Michigan hockey team picking right time to play best hockey of season
Andrew Kuhn | AnnArbor.com file photo
And with the end of the season looming at the next slip up, frankly, it no longer has a choice.
After going 1-7 in the month of January, the Wolverines have gone 7-2-1-1 since and haven’t lost a game since February 9. To keep the hot streak and the season alive junior defenseman Mac Bennett has a novel idea of what his team needs to do in its weekend series with Western Michigan.
“Well, we have to win Friday. And then if we win Friday, we’ve got to win Saturday,” joked Bennett.
Though Bennett was joking, that is exactly what Michigan needs to do to keep its season alive. After an atypical year, there is no automatic NCAA Tournament bid waiting for the Wolverines regardless of what happens in the CCHA Tournament. With a sixth place finish in the league standing and nowhere in the discussion of a national ranking, it seems Michigan’s only shot at extending the national record 22-year NCAA Tournament streak is by winning the CCHA tournament and garnering an automatic bid.
“There’s no room for error, there’s no room for looking back or too far ahead because there’s nothing to look forward to,” said Michigan coach Red Berenson. “It’s not like we’re a first place team going to be in the tournament because of our season no matter what happens in the CCHA playoffs, which maybe happened in the past.”
First thing’s first: taking care of No. 3 seed Western Michigan at hostile Lawson Ice Arena in the CCHA quarterfinals. The weekend series is best of three with the teams playing on Sunday if they split on Friday and Saturday.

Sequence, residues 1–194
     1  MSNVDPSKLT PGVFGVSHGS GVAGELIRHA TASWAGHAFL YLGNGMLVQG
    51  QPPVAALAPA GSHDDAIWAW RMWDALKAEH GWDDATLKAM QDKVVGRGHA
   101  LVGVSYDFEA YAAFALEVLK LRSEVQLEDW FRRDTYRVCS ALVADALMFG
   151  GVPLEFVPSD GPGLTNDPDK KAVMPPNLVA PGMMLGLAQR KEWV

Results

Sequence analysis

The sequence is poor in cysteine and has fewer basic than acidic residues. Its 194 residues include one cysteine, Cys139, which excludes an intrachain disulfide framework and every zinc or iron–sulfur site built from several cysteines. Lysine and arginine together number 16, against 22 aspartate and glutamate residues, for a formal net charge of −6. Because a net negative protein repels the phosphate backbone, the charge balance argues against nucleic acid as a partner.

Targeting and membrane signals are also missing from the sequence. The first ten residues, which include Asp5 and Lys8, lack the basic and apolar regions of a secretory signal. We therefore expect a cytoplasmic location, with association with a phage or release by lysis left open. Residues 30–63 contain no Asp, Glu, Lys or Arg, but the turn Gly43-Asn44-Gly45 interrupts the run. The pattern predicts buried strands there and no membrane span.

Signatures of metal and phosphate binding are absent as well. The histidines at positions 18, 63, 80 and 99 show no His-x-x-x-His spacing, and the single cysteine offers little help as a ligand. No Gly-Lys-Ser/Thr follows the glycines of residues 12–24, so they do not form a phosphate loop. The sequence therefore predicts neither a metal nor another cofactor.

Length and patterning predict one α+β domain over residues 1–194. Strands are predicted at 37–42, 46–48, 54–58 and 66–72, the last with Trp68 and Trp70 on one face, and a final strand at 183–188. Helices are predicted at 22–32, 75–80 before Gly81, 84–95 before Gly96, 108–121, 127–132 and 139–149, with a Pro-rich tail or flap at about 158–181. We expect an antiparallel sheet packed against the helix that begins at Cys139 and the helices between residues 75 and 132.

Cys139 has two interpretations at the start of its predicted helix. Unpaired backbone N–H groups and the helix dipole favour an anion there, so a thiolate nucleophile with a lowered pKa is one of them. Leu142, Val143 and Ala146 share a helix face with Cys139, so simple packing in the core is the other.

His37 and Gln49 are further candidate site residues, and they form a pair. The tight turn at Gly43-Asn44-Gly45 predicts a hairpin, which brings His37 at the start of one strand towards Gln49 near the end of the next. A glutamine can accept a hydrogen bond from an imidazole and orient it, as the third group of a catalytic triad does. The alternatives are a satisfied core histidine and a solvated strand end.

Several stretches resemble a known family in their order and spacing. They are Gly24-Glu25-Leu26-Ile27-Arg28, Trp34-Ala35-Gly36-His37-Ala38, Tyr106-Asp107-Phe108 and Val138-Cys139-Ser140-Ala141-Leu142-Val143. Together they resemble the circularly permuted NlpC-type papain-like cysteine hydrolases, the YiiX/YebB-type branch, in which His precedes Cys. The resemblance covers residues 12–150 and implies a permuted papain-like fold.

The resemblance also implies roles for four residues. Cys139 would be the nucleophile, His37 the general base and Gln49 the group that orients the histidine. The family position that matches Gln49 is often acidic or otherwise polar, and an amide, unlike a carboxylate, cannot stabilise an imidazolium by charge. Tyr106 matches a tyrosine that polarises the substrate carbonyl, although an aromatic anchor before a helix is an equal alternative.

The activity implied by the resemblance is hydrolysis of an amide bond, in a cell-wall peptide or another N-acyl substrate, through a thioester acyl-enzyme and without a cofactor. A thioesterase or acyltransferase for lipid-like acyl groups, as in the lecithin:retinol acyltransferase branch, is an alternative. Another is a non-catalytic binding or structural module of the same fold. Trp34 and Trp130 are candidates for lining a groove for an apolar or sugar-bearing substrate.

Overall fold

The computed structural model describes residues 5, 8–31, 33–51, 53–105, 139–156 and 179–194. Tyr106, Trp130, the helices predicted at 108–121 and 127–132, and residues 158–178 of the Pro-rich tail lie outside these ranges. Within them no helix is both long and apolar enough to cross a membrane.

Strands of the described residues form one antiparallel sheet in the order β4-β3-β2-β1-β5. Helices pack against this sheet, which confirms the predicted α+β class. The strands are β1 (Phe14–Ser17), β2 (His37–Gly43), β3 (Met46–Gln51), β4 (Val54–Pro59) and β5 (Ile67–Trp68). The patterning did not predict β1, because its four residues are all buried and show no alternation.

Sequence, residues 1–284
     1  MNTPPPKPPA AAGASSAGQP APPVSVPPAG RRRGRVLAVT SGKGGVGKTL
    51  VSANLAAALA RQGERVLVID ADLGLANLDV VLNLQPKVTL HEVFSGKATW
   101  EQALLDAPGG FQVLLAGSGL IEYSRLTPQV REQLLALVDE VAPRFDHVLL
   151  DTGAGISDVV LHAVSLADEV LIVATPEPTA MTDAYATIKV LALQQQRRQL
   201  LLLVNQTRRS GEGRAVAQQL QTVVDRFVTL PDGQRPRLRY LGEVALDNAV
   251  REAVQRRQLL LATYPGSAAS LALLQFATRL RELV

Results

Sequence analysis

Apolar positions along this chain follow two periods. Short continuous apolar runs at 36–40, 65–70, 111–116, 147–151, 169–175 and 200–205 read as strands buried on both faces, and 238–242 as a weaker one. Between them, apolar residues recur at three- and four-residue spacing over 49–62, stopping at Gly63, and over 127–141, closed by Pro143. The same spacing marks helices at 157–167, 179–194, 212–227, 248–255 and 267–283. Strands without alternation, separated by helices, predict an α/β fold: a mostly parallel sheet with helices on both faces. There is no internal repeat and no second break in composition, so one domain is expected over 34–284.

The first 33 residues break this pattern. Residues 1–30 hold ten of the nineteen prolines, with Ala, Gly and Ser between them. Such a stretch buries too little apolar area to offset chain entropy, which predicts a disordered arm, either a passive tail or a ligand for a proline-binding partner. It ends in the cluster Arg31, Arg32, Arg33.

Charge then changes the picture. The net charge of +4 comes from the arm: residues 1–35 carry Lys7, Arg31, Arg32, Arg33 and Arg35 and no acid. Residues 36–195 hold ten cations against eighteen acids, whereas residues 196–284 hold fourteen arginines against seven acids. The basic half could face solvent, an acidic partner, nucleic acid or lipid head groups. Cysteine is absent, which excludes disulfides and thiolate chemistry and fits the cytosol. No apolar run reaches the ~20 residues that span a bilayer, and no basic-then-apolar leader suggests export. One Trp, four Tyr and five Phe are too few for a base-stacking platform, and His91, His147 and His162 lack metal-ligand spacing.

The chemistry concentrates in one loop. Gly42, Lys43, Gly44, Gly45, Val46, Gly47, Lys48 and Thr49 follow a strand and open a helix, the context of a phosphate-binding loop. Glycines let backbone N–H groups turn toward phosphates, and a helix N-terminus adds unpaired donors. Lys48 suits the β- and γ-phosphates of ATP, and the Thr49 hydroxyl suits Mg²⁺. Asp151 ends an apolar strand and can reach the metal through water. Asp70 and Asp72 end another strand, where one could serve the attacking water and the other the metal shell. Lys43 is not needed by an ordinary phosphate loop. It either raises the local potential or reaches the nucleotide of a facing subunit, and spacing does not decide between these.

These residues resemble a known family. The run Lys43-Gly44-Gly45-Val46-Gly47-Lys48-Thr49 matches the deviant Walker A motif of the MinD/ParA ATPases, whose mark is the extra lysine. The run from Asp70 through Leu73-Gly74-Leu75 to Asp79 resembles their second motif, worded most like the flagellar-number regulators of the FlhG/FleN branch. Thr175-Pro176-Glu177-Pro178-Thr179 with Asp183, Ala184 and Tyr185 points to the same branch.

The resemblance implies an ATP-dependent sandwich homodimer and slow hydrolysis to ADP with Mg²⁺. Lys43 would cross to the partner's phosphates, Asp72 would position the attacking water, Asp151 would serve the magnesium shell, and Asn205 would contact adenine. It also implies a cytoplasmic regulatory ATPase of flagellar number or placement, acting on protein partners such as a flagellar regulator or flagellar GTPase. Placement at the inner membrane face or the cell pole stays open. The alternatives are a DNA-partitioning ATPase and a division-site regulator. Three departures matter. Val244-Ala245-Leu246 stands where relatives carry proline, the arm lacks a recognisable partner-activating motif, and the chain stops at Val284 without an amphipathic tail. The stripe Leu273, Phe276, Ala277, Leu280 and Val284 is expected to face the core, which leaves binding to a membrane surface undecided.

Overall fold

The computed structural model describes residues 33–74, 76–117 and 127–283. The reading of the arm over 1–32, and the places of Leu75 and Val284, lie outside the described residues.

“We just gotta take it one game at a time,” Bennett said. “The confidence we have from last weekend (in the team’s sweep of Northern Michigan) I think will definitely carry over we’re playing well right now and we just got to continue to do that.”
Perhaps a product of personal modesty, Bennett didn’t point to the fact that his return from injury has directly coincided with the team’s turnaround. In the month of games Bennett missed or suffered an injury in, the team was 3-7.
Michigan was swept by Notre Dame in Bennett’s first series back, but hasn’t lost since.
“I think it’s huge. I think he brings mental energy, he brings positive energy, he brings stability to our defense,” Berenson said.
Bennett downplayed his own personal impact simply offering that “it’s a lot more fun playing than it watching.”
“As a whole everyone’s been playing so much better, we’ve finally got a goaltender behind us,” Bennett said in reference to Steve Racine’s recent success between the pipes. “Everyone’s just playing solid and our goal scorers are scoring goals. We're in a lot better place now than we were in December.”
But as well as Racine has played over the past several weeks, Western Michigan goaltender Frank Slubowski has been doing it all year. Slubowski started all 36 games during the regular season and finished with a 15-7-6 record in conference play. His 1.93 goals against average ranked third in the conference but second amongst goalies who played over 1,000 minutes.
With Racine and the defense playing improved, and Western playing, as Berenson put it, “stingy” all season, Michigan may have to win low-scoring, tight games. Michigan only has one win on the season when scoring two goals or fewer and has won just two, one-goal games.
“I think we can (win low scoring tight games),” Berenson said. “But we have to prove it.”
“They’re the stingiest team in our league and they’ve got the best special teams in our league, so it’s going to take a heck of an effort on our team to get the best out of us,” Berenson said.